Discuss the discourse of colonialism in The Tempest The Tempest is a play of such ambiguity that it becomes difficult to discuss the subject of a colonialist discourse in isolation. It becomes inextricably linked with not only power and authority, but also with illusion and reality, with redemption and regeneration. It is through the use of language, relationships and events that the discourse unfolds, and the purpose of this essay is to set out and discuss those aspects of the play that contribute to the making of this discourse. A colonialist discourse will of necessity involve an awareness of power and authority versus slavery and subjugation, of conquest and domination over a deliberately constructed inferior 'other'1. It is this inferior other that is an essential part of the colonialist discourse, that component that exists in the relationship between colonizer and colonized, that ensures the superiority of the invading force. This superiority can only be achieved and maintained if the discourse 'voices a demand both for order and disorder, producing a disruptive other'2. So the other has to be seen as both inferior and disruptive, characteristics that are only too apparent in the play in the shape of Caliban. Indeed it is the relationship between Prospero and Caliban that lies at the centre of the colonialist discourse, for while Prospero demands obedience from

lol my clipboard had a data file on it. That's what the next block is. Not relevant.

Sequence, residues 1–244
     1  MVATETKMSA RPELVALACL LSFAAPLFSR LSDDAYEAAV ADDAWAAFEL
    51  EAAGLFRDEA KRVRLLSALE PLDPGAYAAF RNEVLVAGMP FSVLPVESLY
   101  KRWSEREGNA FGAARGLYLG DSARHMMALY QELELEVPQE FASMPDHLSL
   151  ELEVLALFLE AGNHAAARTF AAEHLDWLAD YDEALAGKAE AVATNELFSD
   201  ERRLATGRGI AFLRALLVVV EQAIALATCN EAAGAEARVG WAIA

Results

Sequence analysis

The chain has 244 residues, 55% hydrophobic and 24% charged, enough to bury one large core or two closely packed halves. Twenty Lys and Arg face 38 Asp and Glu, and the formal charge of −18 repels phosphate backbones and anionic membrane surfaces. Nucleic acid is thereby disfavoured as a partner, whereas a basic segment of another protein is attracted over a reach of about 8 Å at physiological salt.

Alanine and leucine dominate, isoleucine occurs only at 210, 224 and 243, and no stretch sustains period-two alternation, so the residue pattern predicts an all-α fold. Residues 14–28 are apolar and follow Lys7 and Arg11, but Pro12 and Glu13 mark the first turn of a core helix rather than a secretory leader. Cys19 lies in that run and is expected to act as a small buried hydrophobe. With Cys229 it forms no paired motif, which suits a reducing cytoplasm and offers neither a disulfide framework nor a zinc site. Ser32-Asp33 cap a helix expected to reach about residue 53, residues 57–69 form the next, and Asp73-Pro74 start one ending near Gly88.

"Based on the evidence in the text, do you think that Conrad intended Heart of Darkness to be read as an anti -colonialist literature? Or is the colonial setting just a backdrop for an adventure story?"